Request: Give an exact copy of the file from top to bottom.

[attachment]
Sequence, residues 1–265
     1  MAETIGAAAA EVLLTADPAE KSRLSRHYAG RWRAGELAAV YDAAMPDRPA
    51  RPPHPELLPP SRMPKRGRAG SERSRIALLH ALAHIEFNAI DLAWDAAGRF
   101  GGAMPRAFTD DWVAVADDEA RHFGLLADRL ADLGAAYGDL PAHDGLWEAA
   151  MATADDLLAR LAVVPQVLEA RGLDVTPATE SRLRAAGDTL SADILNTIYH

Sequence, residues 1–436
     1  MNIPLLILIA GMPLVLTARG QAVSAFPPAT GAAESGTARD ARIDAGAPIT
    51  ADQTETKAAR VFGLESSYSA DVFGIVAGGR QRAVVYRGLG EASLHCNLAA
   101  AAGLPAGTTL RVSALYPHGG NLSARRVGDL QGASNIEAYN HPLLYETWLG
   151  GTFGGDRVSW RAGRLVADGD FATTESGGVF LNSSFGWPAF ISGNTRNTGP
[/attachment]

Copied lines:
Sequence, residues 1–265
     1  MAETIGAAAA EVLLTADPAE KSRLSRHYAG RWRAGELAAV YDAAMPDRPA
    51  RPPHPELLPP SRMPKRGRAG SERSRIALLH ALAHIEFNAI DLAWDAAGRF
   101  GGAMPRAFTD DWVAVADDEA RHFGLLADRL ADLGAAYGDL PAHDGLWEAA
   151  MATADDLLAR LAVVPQVLEA RGLDVTPATE SRLRAAGDTL SADILNTIYH

Sequence, residues 1–436
     1  MNIPLLILIA GMPLVLTARG QAVSAFPPAT GAAESGTARD ARIDAGAPIT
    51  ADQTETKAAR VFGLESSYSA DVFGIVAGGR QRAVVYRGLG EASLHCNLAA
   101  AAGLPAGTTL RVSALYPHGG NLSARRVGDL QGASNIEAYN HPLLYETWLG
   151  GTFGGDRVSW RAGRLVADGD FATTESGGVF LNSSFGWPAF ISGNTRNTGP